Carlin Unconformity

From Wikipedia, the free encyclopedia
Jump to: navigation, search
Carlin Trend, shown with other alignments of sediment-hosted gold deposits in Nevada. Source: USGS.

The Carlin Unconformity or Carlin Trend is a geologic feature in northeastern Nevada which represents a period of erosion or non-deposition likely associated with a collision between a tectonic crustal block called a terrane and the North American Plate. The collision occurred during the Mississippian Period, about 350 million years B.P. The collision is associated with the Antler Orogeny.[1]

The collision induced higher crustal temperatures and pressures which produced numerous hot springs along the suture zone. Several episodes of subsurface magmatism are known to have occurred subsequent to the collision, associated with tectonic forces affecting the entire Basin and Range. During each of these episodes, and particularly during the Eocene epoch, hot springs brought dissolved minerals toward the surface, precipitating them out along fissures.[2] Among these minerals were gold and silver.

The Carlin Gold trend is one of the world's richest gold mining districts. It is a belt of gold deposits, primarily in Paleozoic limy sediments, that is about 5 miles wide and 40 miles long, extending in a north-northwest direction through the town of Carlin, Nevada. Gold was first discovered in the area in the 1870s, but there was very little production until 1909, and only about 22,000 ounces was produced through 1964. By 2008, mines in the Carlin Trend had produced over 70 million ounces of gold, worth around US$85 billion at 2010 prices.[3]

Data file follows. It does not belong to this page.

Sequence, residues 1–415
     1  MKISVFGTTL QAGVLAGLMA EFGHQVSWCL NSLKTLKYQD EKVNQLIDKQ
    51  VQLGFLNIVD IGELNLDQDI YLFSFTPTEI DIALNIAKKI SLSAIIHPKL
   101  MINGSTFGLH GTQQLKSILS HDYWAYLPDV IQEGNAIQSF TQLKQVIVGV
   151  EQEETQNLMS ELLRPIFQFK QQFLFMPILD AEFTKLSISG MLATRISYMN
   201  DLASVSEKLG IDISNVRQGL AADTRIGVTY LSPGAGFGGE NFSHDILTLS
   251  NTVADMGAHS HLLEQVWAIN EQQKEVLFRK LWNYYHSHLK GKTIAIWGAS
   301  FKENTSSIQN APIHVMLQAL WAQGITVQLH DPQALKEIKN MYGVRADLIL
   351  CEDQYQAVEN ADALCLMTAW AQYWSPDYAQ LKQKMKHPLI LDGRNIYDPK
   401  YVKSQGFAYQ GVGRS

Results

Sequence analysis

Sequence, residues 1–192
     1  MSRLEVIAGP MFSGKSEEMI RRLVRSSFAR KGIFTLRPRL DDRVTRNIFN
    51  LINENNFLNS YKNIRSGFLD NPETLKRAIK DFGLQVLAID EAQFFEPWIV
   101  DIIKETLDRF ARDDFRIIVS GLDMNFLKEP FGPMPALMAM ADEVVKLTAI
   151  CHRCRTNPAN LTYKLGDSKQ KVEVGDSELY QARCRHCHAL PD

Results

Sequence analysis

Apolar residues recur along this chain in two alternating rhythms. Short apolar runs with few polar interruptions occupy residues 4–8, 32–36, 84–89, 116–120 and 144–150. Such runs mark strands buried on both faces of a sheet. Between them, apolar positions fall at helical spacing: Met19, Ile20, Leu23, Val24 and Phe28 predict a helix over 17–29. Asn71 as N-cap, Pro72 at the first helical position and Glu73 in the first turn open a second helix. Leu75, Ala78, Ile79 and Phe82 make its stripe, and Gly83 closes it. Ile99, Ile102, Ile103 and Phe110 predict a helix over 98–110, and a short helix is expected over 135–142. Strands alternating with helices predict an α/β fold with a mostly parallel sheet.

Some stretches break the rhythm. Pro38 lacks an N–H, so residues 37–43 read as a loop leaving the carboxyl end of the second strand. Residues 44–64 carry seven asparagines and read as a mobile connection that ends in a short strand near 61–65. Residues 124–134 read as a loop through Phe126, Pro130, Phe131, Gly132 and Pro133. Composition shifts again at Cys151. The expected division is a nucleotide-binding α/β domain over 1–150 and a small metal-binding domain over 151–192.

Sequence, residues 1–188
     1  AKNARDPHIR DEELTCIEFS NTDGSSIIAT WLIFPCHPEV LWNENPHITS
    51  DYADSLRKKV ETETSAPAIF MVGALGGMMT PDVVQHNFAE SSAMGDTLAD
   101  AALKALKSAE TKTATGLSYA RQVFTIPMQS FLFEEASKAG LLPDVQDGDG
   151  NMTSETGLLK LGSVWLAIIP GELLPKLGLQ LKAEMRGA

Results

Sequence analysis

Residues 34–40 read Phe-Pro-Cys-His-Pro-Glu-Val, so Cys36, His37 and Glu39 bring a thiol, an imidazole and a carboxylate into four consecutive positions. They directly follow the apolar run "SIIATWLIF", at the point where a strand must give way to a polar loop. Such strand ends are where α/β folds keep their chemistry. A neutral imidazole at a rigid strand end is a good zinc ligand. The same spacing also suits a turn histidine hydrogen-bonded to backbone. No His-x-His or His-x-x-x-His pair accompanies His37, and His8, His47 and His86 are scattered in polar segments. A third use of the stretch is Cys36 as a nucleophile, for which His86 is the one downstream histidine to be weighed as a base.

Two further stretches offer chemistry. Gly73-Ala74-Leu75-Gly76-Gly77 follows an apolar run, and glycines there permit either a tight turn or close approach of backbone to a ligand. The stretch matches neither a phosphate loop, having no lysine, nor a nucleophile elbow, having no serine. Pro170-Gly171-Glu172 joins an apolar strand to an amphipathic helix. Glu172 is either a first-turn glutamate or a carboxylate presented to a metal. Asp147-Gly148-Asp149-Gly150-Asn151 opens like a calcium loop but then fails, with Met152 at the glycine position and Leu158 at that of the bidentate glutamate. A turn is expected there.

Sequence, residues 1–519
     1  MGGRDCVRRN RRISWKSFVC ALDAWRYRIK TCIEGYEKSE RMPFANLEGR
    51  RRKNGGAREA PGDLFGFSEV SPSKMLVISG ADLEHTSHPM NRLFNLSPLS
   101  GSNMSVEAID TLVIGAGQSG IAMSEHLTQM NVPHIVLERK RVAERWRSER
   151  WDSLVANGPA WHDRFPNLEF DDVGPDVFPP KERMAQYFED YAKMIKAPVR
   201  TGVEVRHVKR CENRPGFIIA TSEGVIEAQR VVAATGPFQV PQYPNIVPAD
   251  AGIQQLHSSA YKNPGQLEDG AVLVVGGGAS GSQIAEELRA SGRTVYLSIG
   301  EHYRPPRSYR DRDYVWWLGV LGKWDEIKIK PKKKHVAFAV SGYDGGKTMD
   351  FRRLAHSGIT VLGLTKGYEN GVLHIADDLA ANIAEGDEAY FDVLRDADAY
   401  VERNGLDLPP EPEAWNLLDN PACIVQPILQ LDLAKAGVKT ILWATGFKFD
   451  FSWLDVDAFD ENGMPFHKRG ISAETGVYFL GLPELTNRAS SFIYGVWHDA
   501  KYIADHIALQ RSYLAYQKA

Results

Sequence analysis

See also[edit]

References[edit]

  • Basin and Range, by John McPhee, published 1981 by Farrar, Straus and Giroux, New York.
  • Assembling California, by John McPhee, published 1993 by Farrar, Straus and Giroux, New York.
  1. ^ Blakely, Ron. "Geologic History of Western US". Retrieved 2010-06-06. 
  2. ^ Ressel, Michael W.; Henry, Christopher D. (March 2006). "Igneous Geology of the Carlin Trend, Nevada: Development of the Eocene Plutonic Complex and Significance for Carlin-Type Gold Deposits". Economic Geology 101 (2): 347–383. doi:10.2113/gsecongeo.101.2.347. 
  3. ^ "Update on Production and Exploration Activity in Nevada - 2009". Nevada Bureau of Mines and Geology. 

Further reading[edit]

External links[edit]